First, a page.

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October 29, 2018
Red Hat CEO Jim Whitehurst (pictured below) clicked together the heels of his red shoes, whispered "there's no place like IBM" and was sucked into the vortex of Big Blue. (See IBM Buying Red Hat for $34B, Turning Cloud Upside Down.)
Or something like that. Clearly, there is no place like IBM Corp. (NYSE: IBM) when the ailing IT giant is paying $34 billion for your business. Any way you cut it, that is a monstrous sum to spend on a cloud company that trades in open source software. It is 8.7 times what Red Hat Inc. (NYSE: RHT) expects to make in sales in 2020, and a staggering 34 times its forecast for earnings (before interest, tax, depreciation and amortization) that year. It is about $2.7 million for each of Red Hat's 12,600 employees.
Figure 1: Why is Red Hat CEO Jim Whitehurst looking so happy? Oh right...
The fee also comes at a 63% premium to Red Hat's share price in New York on Friday. To compare it with other technology and telecom deals, it is $7.5 billion more than the value of T-Mobile's all-stock bid for Sprint, a service provider with more than 50 million mobile customers in the US market. At today's exchange rate, it is nearly twice what Nokia paid for Alcatel-Lucent, one of the world's largest makers of network equipment, back in 2016.
To many observers, this takeover will seem like a desperate bid for growth after years of stagnation. Red Hat's revenues grew a fifth in its last fiscal year (ending February), to nearly $2.6 billion, and it has nearly doubled in size since 2014. The bulk of that has come from "subscriptions" to Red Hat's portfolio of managed cloud-computing services based on open source code. Contrast that with IBM, which saw revenues dip 1% in 2017, to about $79.1 billion, and has struggled to keep up with the leaders in the market for cloud computing. (See IBM Is Losing the Cloud Race.)
IBM CEO Ginni Rometty obviously feels there is a lot to gain from offering Red Hat services to her vast audience of enterprise customers. Given Red Hat's evident appeal, this could accelerate the rate of sales growth the company has enjoyed in recent years. Red Hat's expertise and Big Blue's channels to market could be the perfect combination.
Relatively speaking, though, Red Hat will be a mere speck bobbing around in the Big Blue ocean. Its annual revenues equal just 3% of IBM's, and its net profit was less than 5% of its new parent's in the last fiscal year. Nor have profits grown at the same rate as sales. Last year they were up just 2% (although operating income rose at the far more impressive rate of 42%).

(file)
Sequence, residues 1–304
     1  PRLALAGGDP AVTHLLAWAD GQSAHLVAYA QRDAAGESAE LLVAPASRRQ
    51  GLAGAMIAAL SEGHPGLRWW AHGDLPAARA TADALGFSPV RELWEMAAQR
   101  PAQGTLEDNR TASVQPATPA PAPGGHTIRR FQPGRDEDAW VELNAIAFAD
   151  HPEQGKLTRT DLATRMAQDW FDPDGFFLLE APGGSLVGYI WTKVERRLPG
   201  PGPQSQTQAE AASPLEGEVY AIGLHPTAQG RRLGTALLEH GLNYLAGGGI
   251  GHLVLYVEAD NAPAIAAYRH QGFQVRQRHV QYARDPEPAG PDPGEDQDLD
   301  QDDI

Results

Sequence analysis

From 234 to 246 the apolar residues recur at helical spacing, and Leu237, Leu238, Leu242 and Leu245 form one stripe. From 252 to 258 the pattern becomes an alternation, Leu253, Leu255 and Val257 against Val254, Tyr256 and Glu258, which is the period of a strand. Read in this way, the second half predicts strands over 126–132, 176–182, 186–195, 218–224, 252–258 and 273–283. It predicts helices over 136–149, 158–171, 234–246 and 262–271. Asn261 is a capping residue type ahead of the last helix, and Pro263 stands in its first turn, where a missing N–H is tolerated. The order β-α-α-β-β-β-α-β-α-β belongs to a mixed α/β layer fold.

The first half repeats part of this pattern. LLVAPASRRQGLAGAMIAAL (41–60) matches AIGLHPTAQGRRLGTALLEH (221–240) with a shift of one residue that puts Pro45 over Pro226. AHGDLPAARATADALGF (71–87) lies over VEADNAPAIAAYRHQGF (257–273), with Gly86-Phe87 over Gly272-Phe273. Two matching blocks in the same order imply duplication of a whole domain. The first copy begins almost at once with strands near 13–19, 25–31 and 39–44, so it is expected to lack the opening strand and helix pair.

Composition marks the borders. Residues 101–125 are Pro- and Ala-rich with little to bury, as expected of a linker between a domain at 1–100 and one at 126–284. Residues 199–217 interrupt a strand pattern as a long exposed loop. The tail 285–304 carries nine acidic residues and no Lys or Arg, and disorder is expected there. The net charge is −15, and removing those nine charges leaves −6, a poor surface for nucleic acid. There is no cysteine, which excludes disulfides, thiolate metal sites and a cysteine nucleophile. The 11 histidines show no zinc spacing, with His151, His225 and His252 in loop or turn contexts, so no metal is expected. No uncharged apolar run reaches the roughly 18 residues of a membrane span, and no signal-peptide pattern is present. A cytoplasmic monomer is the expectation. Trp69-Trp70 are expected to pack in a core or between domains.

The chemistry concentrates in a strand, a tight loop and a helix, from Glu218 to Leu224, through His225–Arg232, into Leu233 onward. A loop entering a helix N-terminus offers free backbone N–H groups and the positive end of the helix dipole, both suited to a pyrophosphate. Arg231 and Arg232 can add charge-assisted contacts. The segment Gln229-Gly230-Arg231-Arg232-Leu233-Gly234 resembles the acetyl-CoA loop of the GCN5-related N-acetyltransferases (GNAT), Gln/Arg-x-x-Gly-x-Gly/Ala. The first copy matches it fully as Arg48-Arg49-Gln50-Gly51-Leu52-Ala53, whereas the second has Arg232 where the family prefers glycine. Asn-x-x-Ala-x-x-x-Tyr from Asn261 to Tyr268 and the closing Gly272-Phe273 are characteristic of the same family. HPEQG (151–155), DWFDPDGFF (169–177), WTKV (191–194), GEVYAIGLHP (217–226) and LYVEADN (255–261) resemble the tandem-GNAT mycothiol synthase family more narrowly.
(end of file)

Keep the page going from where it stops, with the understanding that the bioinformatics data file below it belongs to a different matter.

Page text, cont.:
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Moreover, not everyone seems convinced that Red Hat can sustain its current performance. It appears to have missed analyst expectations in its most recent quarter, and its forecast for the current three-month period also came as a disappointment. Its share price has fallen 34% since mid-June, when it peaked at $176.27 in New York. There is no cost overlap whatsoever, according to Rometty, which means the Red Hat move is entirely about delivering sales growth and an additional skills set for IBM.
The immediate impact on IBM's balance sheet could be nasty. Big Blue will fund this takeover entirely through cash and debt (and no stock), it said in its statement on the deal. At the end of the third quarter, it had about $14.7 billion of cash on its books, which implies it will have to raise at least $20 billion in debt to buy Red Hat at the agreed price. That is a substantial amount for a company whose balance sheet already showed $46.9 billion in debt at the end of September.
If IBM can pull a rabbit out of the Red Hat, and speed up the rate of sales growth at the business, then $34 billion might not seem like such an exorbitant fee. But with Red Hat facing uncertain prospects in a fast-changing market for software-based services, that will not be an easy trick to perform.
— Iain Morris, International Editor, Light Reading
International Editor, Light Reading
Iain Morris joined Light Reading as News Editor at the start of 2015 -- and we mean, right at the start. His friends and family were still singing Auld Lang Syne as Iain started sourcing New Year's Eve UK mobile network congestion statistics. Prior to boosting Light Reading's UK-based editorial team numbers (he is based in London, south of the river), Iain was a successful freelance writer and editor who had been covering the telecoms sector for the past 15 years. His work has appeared in publications including The Economist (classy!) and The Observer, besides a variety of trade and business journals. He was previously the lead telecoms analyst for the Economist Intelligence Unit, and before that worked as a features editor at Telecommunications magazine. Iain started out in telecoms as an editor at consulting and market-research company Analysys (now Analysys Mason).
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